There May Be No Tesla Killer! Plus Amazon, Nvidia, Micron, Netflix
The good news is S&P 500 is trending higher; the bad news is it like to fall to around 2,745. It’s no big deal in the grand scheme of things. But it would seem for now we are putting higher-highs and higher-lows. That is good.
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Micron’s stock gapped higher, to only to give those gains back by day’s end. It was another perfect fill the gap scenario. The stock managed to stabilize by days end, pretty much closing at the base of the gap. Shares topped out around $63.50 at the open and the rest of the day was lower from that point on.
Could shares continue drift lower, filling the gap to around $54, sure. But the longer-term setup in the chart, for now, continues to indicate a move higher. But next week will be the real deal when the company reports results on March 22.
It wasn’t just shares of Micron that reversed today, Skyworks shares fell back to support around $112.
The overall semiconductor ETF ($SOXX) is looking a bit weak too, and I think it could be set to fall further in the coming days, perhaps to $189. Nothing huge, but that is where support lies, and that is likely where it is to fall.
Intel saw the same fill the gap type of pattern as Micron, and it likely tells us the moves today where more sector-based profit taking and less about the individual stocks.
At least somebody out there sees Roku the same way, I do. Roku is no Netflix.
Technology shares also pulled back today, with Microsoft falling below support at $95.70. I think the risk to the downside could be as much a $91. But it is too soon to tell if it was just a one-day pullback or more down days to come.
I’m beginning to get the feeling that some of these technology stocks are overextended, especially given some of the latest price target revisions. It just feels like analysts are beginning to look new ways to support their valuations and price objectives.
Yesterday, Jefferies put a $300 price target Nvidia noting the newest Steven Spielberg movie as a catalyst for virtual reality headsets. Of course, Nvidia makes the graphics processing units that used in virtual reality headsets, and of course, that means Nvidia will benefit.
I’m not even sure what this movie even is, and the rationale seems like a bit of stretch to me. It is a long path before Nvidia see any benefit. But what do I know, maybe the movie will be a big hit, and I’m going to run out and buy a VR headset. Probably not likely.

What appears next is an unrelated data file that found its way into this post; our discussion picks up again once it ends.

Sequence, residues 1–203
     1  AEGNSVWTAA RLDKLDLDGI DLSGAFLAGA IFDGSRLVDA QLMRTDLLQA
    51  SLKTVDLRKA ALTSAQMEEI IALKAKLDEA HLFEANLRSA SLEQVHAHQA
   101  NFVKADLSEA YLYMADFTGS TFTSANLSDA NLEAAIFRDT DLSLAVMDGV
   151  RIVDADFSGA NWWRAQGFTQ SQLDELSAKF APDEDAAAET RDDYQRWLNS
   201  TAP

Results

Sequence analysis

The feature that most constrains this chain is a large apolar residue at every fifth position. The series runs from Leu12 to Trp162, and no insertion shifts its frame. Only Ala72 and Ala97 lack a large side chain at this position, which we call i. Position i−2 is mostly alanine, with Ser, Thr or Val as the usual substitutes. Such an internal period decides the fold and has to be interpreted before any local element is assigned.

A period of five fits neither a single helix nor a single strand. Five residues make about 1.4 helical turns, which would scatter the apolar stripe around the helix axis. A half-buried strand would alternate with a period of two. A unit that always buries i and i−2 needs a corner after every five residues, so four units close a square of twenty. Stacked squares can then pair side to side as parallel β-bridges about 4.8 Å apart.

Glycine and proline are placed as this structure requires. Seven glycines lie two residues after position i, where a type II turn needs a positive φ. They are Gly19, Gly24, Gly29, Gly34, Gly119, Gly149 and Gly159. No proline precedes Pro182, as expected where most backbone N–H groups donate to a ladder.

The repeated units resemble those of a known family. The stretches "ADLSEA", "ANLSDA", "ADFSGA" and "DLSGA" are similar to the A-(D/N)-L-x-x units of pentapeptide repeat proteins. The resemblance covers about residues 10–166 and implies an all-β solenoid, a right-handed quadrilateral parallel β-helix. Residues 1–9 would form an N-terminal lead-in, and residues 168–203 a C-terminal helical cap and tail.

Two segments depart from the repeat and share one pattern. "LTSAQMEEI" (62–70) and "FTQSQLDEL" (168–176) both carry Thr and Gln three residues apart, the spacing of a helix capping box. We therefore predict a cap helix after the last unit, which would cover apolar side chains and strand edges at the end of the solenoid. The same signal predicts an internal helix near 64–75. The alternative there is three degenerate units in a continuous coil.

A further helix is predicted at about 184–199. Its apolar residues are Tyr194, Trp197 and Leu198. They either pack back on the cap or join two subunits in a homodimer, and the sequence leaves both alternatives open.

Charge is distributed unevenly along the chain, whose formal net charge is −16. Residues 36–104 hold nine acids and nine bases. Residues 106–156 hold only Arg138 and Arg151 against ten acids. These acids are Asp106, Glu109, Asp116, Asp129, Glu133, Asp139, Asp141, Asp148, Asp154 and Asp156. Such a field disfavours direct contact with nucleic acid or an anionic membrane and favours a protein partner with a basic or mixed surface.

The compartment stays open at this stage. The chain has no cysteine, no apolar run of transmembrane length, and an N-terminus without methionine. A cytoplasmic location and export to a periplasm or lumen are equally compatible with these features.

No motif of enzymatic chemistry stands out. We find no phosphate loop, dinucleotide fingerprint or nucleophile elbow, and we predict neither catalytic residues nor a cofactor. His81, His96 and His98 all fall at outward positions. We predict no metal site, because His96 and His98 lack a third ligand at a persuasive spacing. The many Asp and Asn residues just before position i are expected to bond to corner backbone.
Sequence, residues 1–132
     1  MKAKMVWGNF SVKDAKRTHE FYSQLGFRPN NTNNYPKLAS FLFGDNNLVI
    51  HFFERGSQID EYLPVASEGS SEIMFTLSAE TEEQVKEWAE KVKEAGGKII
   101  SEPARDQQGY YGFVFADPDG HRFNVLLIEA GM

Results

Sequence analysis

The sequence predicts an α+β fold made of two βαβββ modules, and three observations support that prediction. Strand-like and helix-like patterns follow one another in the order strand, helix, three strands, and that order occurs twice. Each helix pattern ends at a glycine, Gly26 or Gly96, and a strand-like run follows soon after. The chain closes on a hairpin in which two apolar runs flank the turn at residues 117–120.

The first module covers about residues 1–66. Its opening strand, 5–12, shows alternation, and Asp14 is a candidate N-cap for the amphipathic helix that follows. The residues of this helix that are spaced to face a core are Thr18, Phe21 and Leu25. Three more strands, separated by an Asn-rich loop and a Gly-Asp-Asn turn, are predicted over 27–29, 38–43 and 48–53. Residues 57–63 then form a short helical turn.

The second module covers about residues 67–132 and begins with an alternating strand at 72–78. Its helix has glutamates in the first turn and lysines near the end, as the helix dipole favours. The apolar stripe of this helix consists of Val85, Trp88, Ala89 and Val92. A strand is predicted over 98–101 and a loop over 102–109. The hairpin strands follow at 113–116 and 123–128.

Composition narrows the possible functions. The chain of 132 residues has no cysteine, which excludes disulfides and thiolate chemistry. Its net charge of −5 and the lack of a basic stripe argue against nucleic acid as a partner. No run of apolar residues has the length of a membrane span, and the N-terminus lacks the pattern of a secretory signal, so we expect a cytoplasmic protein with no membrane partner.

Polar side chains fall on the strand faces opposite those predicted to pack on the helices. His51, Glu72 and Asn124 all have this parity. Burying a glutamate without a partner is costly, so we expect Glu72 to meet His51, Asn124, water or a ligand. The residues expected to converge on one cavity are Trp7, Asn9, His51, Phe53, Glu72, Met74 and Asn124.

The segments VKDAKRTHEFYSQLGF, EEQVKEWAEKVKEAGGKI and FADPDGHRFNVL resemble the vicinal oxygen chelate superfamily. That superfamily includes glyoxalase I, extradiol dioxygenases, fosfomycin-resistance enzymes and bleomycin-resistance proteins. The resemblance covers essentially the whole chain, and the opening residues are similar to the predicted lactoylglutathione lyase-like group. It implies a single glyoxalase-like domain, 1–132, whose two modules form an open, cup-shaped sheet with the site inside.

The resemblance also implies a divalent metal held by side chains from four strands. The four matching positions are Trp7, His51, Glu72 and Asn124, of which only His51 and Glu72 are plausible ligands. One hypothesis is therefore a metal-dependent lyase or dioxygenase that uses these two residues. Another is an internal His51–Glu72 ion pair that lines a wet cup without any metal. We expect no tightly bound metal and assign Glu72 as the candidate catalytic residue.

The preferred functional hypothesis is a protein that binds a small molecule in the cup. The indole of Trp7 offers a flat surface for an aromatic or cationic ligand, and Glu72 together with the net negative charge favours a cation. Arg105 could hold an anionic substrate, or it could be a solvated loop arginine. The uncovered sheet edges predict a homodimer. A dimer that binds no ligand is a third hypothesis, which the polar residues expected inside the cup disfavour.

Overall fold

Today was Amazon’s turn, Jefferies sees the stock hitting a $1 trillion market cap by the year 2022. First off, that is about 29 percent away from today’s valuation, at its current pace, why not late 2018 or 2019? It sounds like Amazon doesn’t have much upside from here, based on that target. Second, they put a price target of $1,850 on the stock, raising it from $1,750. They noted that they see advertising revenue hitting $22 billion by 2022, up from $4 billion today. Is there any business Amazon can’t do? Or should we just model in the potential for every business line Amazon is in and they could get into, and then assume it will grow exponentially for years? $4 billion today, would need to increase to $6 billion in 2019, to $9 billion in 2020, to $13.5 billion in 2021, to $20.25 billion in 2022. That is a growth rate of 50 percent per year for four years straight! But then again, I have no idea; I’m the dummy that said Amazon was overvalued at $1,500, now it is at $1,588, nearly 6 percent higher.
Netflix pullback again, and closed today around $315. I think it could fall to roughly $295, over the short-term.
Tesla shares traded down slightly today. News came after hours, that Volkswagen secured $25 billion in battery supplies for the year 2022. Of course every time a car company announces they are going to launch an EV, it is the next Tesla killer? Why? How? There seems to be this idea, people buy Tesla’s merely because they make EVs. I guess nobody buys a Tesla just because they like how it drives, handles, or looks? It is only to save the environment, like the electricity used to power the battery pack doesn’t come from someplace on the electric grid.
Tesla must live in an EV bubble, that now Volkswagen will soon enter. Big deal. Right, cause Audi’s are crushing it with North American sales now? Audi A8 Sales down 53 percent in 2018, Audi A7 sales down 46 percent, Audi A6 down 24 percent. Audi A3 down 29 percent, Audi A4 GREW by 2 percent. Audi A5 grew by 447 percent because they sold only 637 in 2017, and that increased to 3,487 this year. The SUV segment was better with Q5 sales up 24 percent, and Q7 sales up 6 percent. But let’s face facts, Audi is not killing it now, so EV or no EV is not going to result in the next Tesla killer from Volkswagen, let alone 2022.
Just like the Chevy Bolt was a Tesla killer, right? Remember that? In 2017, Chevy sold a total of 23,297 bolts. Tesla delivered 15,200 in the fourth quarter alone. Chevy Bolt’s MRSP $36,620, Model S MSRP 74,500. Hmmm.
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